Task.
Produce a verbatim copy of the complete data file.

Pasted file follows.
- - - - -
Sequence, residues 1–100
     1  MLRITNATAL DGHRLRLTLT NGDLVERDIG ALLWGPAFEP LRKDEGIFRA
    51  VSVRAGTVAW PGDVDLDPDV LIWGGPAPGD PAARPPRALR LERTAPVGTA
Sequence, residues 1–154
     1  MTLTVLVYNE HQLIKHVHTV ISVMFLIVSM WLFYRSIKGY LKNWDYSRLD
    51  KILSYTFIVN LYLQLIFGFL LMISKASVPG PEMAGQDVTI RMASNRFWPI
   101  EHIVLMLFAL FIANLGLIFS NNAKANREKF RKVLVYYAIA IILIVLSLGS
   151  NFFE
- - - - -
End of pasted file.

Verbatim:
Sequence, residues 1–100
     1  MLRITNATAL DGHRLRLTLT NGDLVERDIG ALLWGPAFEP LRKDEGIFRA
    51  VSVRAGTVAW PGDVDLDPDV LIWGGPAPGD PAARPPRALR LERTAPVGTA
Sequence, residues 1–154
     1  MTLTVLVYNE HQLIKHVHTV ISVMFLIVSM WLFYRSIKGY LKNWDYSRLD
    51  KILSYTFIVN LYLQLIFGFL LMISKASVPG PEMAGQDVTI RMASNRFWPI
   101  EHIVLMLFAL FIANLGLIFS NNAKANREKF RKVLVYYAIA IILIVLSLGS
   151  NFFE